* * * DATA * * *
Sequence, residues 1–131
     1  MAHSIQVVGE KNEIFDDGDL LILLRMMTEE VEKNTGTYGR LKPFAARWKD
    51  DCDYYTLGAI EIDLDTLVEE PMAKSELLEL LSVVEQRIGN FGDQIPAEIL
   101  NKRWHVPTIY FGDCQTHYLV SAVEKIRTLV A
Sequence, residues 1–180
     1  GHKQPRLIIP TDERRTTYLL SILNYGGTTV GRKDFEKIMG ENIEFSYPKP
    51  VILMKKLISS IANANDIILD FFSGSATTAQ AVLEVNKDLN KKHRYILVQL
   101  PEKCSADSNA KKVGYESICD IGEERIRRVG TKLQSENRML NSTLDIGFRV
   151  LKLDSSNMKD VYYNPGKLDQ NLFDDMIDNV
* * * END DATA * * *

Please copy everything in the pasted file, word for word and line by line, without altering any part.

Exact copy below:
Sequence, residues 1–131
     1  MAHSIQVVGE KNEIFDDGDL LILLRMMTEE VEKNTGTYGR LKPFAARWKD
    51  DCDYYTLGAI EIDLDTLVEE PMAKSELLEL LSVVEQRIGN FGDQIPAEIL
   101  NKRWHVPTIY FGDCQTHYLV SAVEKIRTLV A
Sequence, residues 1–180
     1  GHKQPRLIIP TDERRTTYLL SILNYGGTTV GRKDFEKIMG ENIEFSYPKP
    51  VILMKKLISS IANANDIILD FFSGSATTAQ AVLEVNKDLN KKHRYILVQL
   101  PEKCSADSNA KKVGYESICD IGEERIRRVG TKLQSENRML NSTLDIGFRV
   151  LKLDSSNMKD VYYNPGKLDQ NLFDDMIDNV